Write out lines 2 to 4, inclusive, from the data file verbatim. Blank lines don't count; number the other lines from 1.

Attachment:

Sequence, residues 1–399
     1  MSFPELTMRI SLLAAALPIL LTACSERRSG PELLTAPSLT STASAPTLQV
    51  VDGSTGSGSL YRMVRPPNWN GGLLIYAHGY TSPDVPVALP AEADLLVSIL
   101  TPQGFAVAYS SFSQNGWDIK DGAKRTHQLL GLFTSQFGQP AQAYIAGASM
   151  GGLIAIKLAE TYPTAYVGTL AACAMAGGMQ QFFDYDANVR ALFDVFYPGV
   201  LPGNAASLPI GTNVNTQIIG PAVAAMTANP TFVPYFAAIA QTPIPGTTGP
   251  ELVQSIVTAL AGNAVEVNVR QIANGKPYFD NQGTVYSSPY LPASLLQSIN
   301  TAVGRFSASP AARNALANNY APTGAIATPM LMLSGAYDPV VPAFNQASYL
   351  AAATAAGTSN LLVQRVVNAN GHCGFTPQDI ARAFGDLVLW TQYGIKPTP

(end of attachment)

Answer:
     1  MSFPELTMRI SLLAAALPIL LTACSERRSG PELLTAPSLT STASAPTLQV
    51  VDGSTGSGSL YRMVRPPNWN GGLLIYAHGY TSPDVPVALP AEADLLVSIL
   101  TPQGFAVAYS SFSQNGWDIK DGAKRTHQLL GLFTSQFGQP AQAYIAGASM